In an aristocratic political structure, power was given to the kinship or family with the most wealth or with certain religious or military ties. It is difficult to determine how exactly these families gained their aristocratic power because it happened before recorded history in most cases, but it was hereditary, and power was passed down through the family (Weisner-Hanks, 2011). After one family was recognized as the one to which power would be given, the children would inherit the wealth and power. This continued on for generations until in most cases, the original reason for that family's power was all but forgotten.
The development of hereditary aristocracies changed the social and familial roles of both women and men. In most cases, women would lose power or become less important (Weisner-Hanks, 2011). Because of the significance placed on inheritance, it was considered necessary that families begot sons, and that those sons were definitely those of the patriarch. This caused the imposition of harsh rules against adultery. Women’s family ties were less important than those of the men. Due to inheritance laws which usually left wealth to the eldest son, the wife or mother in the family took on a more submissive role overall (Weisner-Hanks, 2011). The land was the most important possession that a family could have, and because it almost always belonged to the patriarch, the activities and roles designated to the women were often considered less important.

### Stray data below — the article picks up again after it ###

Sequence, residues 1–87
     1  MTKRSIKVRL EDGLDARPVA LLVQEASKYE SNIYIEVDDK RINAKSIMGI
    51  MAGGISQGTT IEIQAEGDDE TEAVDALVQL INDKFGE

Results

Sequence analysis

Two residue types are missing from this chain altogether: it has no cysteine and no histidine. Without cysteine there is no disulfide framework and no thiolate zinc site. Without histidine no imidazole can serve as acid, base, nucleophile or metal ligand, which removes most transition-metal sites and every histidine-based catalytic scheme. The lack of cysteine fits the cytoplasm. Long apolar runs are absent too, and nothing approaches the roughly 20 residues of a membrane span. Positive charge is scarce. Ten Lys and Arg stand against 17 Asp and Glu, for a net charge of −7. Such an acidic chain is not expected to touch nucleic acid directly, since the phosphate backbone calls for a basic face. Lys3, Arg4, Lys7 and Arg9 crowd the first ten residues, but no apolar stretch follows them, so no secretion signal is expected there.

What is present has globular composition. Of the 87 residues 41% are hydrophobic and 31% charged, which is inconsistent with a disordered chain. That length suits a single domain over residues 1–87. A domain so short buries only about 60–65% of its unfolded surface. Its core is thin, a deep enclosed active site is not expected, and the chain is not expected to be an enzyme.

This was not always the case however, and as with previous power structures, it did vary between cultures. A notable exception to this is that there were many cases when being part of an elite family offered women the opportunity to have a lot of political power or even to rule. Oftentimes, if a son were to inherit his place as ruler while he was a child, the mother would actually wield most of the power and hold responsibility for the decision making. These queen mothers were generally well respected (Weisner-Hanks, 2011). There is little evidence as to why some queen mothers were revered and recognized as an authority while others were less respected. It may simply be a case of the women's personalities and ability to rule.